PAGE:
“The city’s property market is riding the irreversible momentum that has now come to the Gold Coast in terms of economic diversity and with more employment options we will need more housing options for people,” Mr Bell said.
“We are no longer going to be subject to tourism upsides and downsides as we were in the past because our economy has well and truly diversified beyond just tourism.”
Australia’s golden triangle of opportunity
It was great to be back on the Gold Coast for the 21st annual Australasian Real Estate Conference (AREC), attended by over 4,000 of Australia’s best industry professionals. While I was there I was once again reminded of how much potential the South-East Queensland property market is offering both sea changers and investors at this stage in its market cycle.
In my view, Brisbane is the best market in Australia currently for short to medium term price growth, with the value gap between it and the other big East Coast capitals as large as I’ve seen it in many years.
When you factor in the key drivers for future growth – liveability, affordability, scale and future economic prospects, they all suggest that Brisbane is a market to invest in. Check out the latest statistics from CoreLogic below.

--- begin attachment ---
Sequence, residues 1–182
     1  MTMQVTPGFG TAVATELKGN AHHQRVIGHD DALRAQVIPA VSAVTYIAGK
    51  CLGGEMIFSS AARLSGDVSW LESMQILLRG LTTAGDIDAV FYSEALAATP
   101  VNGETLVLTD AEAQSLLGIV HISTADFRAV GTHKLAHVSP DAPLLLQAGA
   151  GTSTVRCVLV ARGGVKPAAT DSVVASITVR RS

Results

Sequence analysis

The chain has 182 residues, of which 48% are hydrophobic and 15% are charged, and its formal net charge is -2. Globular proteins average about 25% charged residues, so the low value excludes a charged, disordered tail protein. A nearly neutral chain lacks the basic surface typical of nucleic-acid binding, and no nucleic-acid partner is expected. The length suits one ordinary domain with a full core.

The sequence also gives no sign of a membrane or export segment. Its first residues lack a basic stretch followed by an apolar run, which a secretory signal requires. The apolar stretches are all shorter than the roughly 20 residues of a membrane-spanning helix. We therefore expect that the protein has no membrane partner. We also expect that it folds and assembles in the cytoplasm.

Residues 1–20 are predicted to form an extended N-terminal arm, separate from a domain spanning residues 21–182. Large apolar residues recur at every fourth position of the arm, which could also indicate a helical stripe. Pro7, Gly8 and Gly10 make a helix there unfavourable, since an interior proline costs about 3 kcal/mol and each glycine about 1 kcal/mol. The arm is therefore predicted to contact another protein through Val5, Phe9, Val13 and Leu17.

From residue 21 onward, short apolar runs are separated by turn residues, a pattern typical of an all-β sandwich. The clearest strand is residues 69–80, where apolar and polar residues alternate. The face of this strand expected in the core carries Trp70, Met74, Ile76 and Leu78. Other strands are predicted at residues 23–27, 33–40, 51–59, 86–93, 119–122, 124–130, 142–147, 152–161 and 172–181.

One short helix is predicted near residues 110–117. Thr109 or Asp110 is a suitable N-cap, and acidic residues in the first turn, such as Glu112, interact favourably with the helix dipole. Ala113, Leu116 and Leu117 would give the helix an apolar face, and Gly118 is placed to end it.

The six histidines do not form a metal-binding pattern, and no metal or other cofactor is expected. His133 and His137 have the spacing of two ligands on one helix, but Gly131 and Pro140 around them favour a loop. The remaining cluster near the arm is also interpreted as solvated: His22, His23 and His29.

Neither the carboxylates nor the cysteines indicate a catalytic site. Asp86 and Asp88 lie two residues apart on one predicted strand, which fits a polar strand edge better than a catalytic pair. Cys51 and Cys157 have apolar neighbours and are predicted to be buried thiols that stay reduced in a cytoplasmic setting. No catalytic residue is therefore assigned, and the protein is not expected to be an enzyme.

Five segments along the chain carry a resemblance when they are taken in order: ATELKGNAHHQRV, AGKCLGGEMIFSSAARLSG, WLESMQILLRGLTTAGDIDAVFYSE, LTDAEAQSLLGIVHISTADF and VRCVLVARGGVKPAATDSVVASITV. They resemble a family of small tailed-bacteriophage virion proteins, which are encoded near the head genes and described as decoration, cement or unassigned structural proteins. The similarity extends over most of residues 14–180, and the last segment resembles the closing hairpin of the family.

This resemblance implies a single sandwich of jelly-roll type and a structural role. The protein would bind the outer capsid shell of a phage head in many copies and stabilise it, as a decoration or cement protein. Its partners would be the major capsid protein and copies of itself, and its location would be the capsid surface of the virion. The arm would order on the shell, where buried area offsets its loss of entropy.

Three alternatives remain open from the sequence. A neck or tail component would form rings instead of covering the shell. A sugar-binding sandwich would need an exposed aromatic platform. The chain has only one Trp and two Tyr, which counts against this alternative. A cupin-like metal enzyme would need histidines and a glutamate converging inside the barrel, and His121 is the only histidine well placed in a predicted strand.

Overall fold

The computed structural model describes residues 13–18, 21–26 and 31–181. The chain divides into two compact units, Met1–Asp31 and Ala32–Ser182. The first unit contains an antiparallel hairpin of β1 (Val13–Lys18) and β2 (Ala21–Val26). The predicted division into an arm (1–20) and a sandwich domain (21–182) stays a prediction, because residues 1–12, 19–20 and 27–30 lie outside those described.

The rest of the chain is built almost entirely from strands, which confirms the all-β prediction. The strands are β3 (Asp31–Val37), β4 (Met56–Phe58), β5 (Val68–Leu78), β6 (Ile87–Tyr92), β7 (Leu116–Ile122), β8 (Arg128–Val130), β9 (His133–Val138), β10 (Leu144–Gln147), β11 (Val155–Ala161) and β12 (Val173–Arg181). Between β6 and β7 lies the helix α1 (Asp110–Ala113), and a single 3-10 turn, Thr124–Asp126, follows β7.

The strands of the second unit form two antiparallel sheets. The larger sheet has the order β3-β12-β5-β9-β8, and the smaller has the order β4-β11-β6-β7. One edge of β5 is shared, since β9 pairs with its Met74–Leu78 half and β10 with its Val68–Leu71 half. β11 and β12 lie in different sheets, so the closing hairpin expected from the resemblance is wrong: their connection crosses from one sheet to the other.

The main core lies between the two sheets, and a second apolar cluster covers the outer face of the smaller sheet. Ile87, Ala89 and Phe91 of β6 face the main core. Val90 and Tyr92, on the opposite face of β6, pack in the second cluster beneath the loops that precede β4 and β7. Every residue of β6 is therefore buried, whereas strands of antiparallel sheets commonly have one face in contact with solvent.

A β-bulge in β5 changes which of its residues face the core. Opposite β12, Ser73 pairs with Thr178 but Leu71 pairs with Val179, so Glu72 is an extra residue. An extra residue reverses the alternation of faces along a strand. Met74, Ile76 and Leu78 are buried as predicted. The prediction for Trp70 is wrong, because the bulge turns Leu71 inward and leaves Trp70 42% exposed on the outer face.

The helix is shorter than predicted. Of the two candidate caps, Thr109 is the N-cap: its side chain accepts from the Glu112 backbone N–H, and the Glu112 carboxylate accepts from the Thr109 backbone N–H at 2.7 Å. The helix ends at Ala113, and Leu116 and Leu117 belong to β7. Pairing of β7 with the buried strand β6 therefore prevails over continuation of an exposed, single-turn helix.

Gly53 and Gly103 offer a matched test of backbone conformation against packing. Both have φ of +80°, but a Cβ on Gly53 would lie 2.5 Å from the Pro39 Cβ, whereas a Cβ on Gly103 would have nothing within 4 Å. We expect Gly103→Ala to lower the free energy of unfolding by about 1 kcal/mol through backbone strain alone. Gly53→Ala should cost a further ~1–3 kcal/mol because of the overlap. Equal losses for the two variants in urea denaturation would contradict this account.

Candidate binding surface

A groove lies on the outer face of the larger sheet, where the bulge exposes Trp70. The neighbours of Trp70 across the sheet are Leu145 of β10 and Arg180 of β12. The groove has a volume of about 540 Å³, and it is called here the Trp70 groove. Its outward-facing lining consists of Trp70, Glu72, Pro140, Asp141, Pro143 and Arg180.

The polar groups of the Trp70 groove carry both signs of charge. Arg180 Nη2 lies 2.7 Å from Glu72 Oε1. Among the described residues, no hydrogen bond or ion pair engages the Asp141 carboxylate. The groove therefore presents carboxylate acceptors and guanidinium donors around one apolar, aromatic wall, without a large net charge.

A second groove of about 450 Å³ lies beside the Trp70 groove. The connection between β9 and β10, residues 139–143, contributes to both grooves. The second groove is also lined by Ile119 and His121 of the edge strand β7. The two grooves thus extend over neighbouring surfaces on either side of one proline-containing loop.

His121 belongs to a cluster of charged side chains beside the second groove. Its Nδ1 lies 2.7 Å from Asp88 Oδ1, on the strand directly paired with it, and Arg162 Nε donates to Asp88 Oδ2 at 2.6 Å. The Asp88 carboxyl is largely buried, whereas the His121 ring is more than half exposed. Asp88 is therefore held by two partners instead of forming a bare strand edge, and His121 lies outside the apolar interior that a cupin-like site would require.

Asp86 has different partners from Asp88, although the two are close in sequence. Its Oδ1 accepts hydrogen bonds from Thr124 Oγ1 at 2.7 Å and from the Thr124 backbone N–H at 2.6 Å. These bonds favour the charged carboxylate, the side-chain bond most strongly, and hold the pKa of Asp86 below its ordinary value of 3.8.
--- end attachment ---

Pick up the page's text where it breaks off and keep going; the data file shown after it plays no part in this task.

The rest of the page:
Value gap – median house prices
Value gap – median apartment prices
I’ve been bullish on Brisbane for many years and in hindsight, I called its next growth phase a couple of years too early. It’s had some growth in recent years but there is a lot more to come over the next few years.
According to McGrath’s top prestige agent in Brisbane, Alex Jordan, one of the dominant trends today is downsizers buying up luxury apartments.
Alex says: “Despite the reported oversupply in Brisbane’s inner city apartment market, we are seeing great strength in the prestige apartment sector.
“The luxury apartment market ($1M+) is driven by owner occupiers, particularly baby boomers and empty nesters, who are attracted to less maintenance and better accessibility.
“Popular suburbs include New Farm, Newstead, Teneriffe, Kangaroo Point, South Brisbane, St Lucia, Paddington and the Brisbane CBD. These areas offer a desirable lifestyle with an abundance of shopping, dining and entertaining precincts at their doorstep.”